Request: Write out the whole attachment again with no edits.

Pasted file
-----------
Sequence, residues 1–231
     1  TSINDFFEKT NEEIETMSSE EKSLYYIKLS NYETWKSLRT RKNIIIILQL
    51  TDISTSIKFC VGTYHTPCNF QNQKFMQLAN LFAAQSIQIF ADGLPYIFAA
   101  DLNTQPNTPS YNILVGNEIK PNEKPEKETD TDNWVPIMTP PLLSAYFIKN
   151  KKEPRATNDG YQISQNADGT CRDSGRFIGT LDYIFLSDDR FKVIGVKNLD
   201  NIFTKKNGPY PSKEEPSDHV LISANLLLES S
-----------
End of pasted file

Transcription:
Sequence, residues 1–231
     1  TSINDFFEKT NEEIETMSSE EKSLYYIKLS NYETWKSLRT RKNIIIILQL
    51  TDISTSIKFC VGTYHTPCNF QNQKFMQLAN LFAAQSIQIF ADGLPYIFAA
   101  DLNTQPNTPS YNILVGNEIK PNEKPEKETD TDNWVPIMTP PLLSAYFIKN
   151  KKEPRATNDG YQISQNADGT CRDSGRFIGT LDYIFLSDDR FKVIGVKNLD
   201  NIFTKKNGPY PSKEEPSDHV LISANLLLES S